Patis­serie bliss

French-born baker Do­minique Colom­bie opened his first patis­serie in Auck­land in 1986. Since then Pane­ton has set the standard for French pas­tries in New Zealand and has just opened a new premises in the heart of Newmarket


Pane­ton’s French bak­ing

Step through the doors of Pane­ton’s Teed Street cafe and you’ll be greeted with the wel­com­ing aroma of warm, but­tery pas­tries and freshly made Supreme cof­fee. The glass-fronted cabi­nets are full of scrump­tious French de­lights: filled fi­celle and cia­batta sand­wiches, freshly baked mini dan­ishes and Pane­ton’s iconic crois­sants. The pale mint walls, gold-rimmed mar­ble ta­bles and pol­ished con­crete floors trans­port you from the streets of Auck­land straight into a Parisian patis­serie. C’est mag­nifique!

The Newmarket cafe and bak­ery has been open for less than a year but is al­ready a fo­cal point of the Teed Street scene with its de­signer bou­tiques and pop­u­lar brunch spots. The cafe is a show­case for the beau­ti­ful bread and pas­tries that Pane­ton is fa­mous for, with fresh-baked bread from the new St Johns bak­ery site in Farm­house Lane de­liv­ered daily be­fore the sun rises. In ad­di­tion, the Teed Street cafe boasts a full range of frozen pas­try and ready-to-cook pas­tries, as well as whole cakes for spe­cial oc­ca­sions.

Since open­ing its doors to­wards the end of 2016, the Teed Street cafe has de­vel­oped a loyal fol­low­ing of reg­u­lars including cus­tomers who have sup­ported Pane­ton for the 30 years they’ve been in busi­ness. It was just 100 me­tres from here, on Khy­ber Pass, that baker Do­minique Colom­bie and his wife, Celia, opened their first cafe bak­ery, La Tar­terie, in 1986 after mov­ing to New Zealand from France. They’d packed their be­long­ings – including a small, spe­cialised oven – into a con­tainer and set off for Auck­land to set up shop and serve their sweet and savoury French pas­tries. “We couldn’t af­ford the main street, so we thought, ‘If it’s good, peo­ple might come,’” says Do­minique. “And they did!”

The Newmarket cafe and bak­ery has been open for less than a year but is al­ready a fo­cal point of the Teed Street scene

Do­minique grew up work­ing in his par­ents’ patis­serie in a small vil­lage in the South of France. It was a busy lit­tle place and from the age of 7 he would run the shop till with his four brothers. “When peo­ple wanted a fine cake, they would come to my par­ents,” says Do­minique, who con­tin­ued to work along­side his father and learn the craft of tra­di­tional French bak­ing.

When he was old enough, Do­minique moved to Paris to take short cour­ses at the Lenôtre culi­nary school. “From my father I learnt all the ba­sics, but he was work­ing in an old-fash­ioned way. In Paris, I learnt new tech­nol­ogy: freez­ing, pas­teuris­ing and things like that.” It was in Paris that he met Celia, who was work­ing at the OECD, be­fore train­ing at the Cor­don Bleu and work­ing in pas­try shops around the city. “We de­cided we wanted to do some­thing to­gether with food,” he says. And the rest is history.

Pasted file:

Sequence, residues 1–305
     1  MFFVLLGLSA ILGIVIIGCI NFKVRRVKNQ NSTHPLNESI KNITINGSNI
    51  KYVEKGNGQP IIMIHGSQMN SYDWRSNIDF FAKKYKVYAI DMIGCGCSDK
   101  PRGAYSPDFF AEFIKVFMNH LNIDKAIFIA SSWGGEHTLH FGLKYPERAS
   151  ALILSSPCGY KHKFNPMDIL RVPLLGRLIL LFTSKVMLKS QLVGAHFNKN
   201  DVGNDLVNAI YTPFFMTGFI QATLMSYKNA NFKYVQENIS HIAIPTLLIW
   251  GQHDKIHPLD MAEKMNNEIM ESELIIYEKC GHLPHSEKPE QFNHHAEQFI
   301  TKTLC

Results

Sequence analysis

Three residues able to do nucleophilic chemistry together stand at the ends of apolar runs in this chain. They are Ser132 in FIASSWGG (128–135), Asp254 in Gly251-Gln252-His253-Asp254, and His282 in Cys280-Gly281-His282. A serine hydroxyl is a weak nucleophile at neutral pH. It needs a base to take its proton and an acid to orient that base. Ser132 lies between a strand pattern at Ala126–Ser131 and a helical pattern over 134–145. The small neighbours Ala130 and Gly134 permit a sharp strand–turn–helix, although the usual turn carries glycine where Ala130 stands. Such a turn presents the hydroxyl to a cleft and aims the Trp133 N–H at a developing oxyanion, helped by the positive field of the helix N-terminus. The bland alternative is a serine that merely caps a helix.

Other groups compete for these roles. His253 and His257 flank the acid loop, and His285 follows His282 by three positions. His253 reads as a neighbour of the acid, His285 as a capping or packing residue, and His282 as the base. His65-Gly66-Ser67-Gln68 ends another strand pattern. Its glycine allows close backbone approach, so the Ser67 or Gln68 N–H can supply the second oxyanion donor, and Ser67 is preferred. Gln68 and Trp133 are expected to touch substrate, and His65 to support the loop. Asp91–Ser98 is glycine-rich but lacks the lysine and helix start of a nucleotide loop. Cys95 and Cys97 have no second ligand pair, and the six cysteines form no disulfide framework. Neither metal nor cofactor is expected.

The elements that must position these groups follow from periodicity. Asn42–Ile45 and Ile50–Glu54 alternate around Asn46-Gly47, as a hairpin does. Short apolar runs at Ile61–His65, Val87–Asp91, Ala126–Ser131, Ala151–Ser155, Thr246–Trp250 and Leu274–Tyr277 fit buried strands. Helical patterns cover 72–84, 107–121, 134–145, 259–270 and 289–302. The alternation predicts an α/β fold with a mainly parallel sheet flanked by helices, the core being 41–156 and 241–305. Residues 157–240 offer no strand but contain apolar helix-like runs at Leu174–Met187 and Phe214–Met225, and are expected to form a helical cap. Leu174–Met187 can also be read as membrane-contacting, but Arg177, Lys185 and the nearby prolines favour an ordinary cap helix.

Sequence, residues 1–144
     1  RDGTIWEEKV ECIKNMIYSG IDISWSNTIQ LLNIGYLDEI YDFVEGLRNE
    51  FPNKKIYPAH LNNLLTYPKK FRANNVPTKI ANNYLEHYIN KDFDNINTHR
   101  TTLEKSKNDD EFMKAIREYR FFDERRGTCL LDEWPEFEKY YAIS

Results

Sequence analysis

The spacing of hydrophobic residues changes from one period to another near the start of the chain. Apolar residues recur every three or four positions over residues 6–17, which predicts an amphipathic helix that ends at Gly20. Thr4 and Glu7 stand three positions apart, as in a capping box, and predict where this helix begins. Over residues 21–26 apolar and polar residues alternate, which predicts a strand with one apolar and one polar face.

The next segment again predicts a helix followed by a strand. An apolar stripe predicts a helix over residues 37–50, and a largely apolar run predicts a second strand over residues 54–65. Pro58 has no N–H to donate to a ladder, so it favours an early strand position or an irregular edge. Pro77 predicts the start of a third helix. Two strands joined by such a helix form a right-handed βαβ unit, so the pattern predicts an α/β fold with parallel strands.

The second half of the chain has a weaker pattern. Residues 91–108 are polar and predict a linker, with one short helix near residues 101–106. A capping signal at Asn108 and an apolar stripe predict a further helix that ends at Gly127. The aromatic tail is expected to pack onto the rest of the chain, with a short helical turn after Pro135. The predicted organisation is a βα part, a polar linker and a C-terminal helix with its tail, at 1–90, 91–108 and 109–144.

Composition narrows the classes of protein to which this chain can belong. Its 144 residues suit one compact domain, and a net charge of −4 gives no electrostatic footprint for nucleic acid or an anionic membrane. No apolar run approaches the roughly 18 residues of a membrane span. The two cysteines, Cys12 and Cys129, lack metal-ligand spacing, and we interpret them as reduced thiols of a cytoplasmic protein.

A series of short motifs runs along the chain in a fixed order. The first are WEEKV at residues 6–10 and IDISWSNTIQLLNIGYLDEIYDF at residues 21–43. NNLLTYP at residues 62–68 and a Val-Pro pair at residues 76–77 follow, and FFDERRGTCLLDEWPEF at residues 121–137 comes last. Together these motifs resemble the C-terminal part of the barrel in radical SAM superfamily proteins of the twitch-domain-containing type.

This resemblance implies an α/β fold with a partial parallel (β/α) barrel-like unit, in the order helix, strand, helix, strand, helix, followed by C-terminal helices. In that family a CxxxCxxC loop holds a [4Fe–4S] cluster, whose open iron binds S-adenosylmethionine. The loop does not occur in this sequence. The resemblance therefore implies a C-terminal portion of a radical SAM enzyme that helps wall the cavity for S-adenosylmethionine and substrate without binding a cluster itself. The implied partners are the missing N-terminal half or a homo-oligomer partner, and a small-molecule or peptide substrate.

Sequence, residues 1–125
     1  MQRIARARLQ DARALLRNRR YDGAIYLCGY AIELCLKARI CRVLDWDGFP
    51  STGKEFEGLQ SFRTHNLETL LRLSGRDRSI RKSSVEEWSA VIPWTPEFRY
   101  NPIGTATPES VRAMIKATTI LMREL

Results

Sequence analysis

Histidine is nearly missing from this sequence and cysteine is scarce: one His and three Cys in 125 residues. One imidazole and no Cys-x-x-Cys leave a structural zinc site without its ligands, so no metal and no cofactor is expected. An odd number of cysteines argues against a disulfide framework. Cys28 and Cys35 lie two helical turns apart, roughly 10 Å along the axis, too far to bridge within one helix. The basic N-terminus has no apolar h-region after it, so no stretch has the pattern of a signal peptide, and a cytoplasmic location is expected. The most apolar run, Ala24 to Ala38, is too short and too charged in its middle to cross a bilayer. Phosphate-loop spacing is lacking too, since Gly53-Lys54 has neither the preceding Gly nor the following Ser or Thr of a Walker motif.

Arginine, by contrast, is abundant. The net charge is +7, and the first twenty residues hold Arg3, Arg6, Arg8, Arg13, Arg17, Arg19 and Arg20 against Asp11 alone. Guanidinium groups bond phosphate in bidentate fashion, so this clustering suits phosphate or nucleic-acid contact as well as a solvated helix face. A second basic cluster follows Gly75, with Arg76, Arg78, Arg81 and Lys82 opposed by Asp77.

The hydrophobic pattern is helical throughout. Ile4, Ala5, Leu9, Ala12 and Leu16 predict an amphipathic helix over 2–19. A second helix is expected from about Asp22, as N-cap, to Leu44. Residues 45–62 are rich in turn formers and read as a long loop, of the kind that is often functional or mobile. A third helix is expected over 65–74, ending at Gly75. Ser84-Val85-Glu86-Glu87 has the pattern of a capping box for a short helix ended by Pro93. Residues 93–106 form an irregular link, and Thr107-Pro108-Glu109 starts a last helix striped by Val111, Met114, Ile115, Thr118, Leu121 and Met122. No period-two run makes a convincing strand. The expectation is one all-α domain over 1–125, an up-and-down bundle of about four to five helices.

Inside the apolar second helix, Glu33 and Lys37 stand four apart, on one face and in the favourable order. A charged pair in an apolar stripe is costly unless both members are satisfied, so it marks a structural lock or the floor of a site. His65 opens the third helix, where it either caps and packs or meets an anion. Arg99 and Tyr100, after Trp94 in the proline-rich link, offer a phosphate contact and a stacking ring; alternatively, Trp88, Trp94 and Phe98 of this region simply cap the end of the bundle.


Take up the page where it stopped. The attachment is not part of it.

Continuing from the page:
Pane­ton now has two re­tail lo­ca­tions in Auck­land – Newmarket and Halsey Street – but dis­trib­utes frozen and par-baked prod­ucts through­out New Zealand. It was Do­minique who pi­o­neered the frozen re­tail pas­try busi­ness in New Zealand back in 2010. Not only does this in­no­va­tion al­low Ki­wis to eas­ily whip up patis­serie-wor­thy crois­sants at home, but cafes and ho­tels all around the coun­try can now serve tra­di­tional French pas­tries and breads with­out hav­ing to make them from scratch. The crois­sant recipe is still based on the orig­i­nal Pane­ton method but has been ad­justed for blast freez­ing. “We do big num­bers, but it’s the same qual­ity,” says Do­minique, who can of­ten be found in Teed Street chat­ting to the reg­u­lars, scooter parked out front.

Pane­ton has recently launched its choco­late pas­try, which in­deed tastes just as good as it sounds. In fact, the Newmarket cafe now reg­u­larly whips up a deca­dent choco­late tart made with Pane­ton choco­late pas­try and served with a dol­lop of whipped cream on the side. As if

by…• there wasn’t al­ready rea­son enough to stop

Daily bread Pane­ton’s cafes in Newmarket and Halsey Street (in cen­tral Auck­land) are open Mon­day to Satur­day, and both lo­ca­tions can pro­vide cater­ing for train­ing ses­sions, board meet­ings, morn­ing teas and lunches, and pri­vate func­tions. Pane­ton also...

Bake off Do­minique (pic­tured op­po­site) trained with his pas­try chef father in the South of France and at Lenôtre in Paris. Some 50 staff work across the busi­ness, in the two cafes and at the bak­ery in St Johns.

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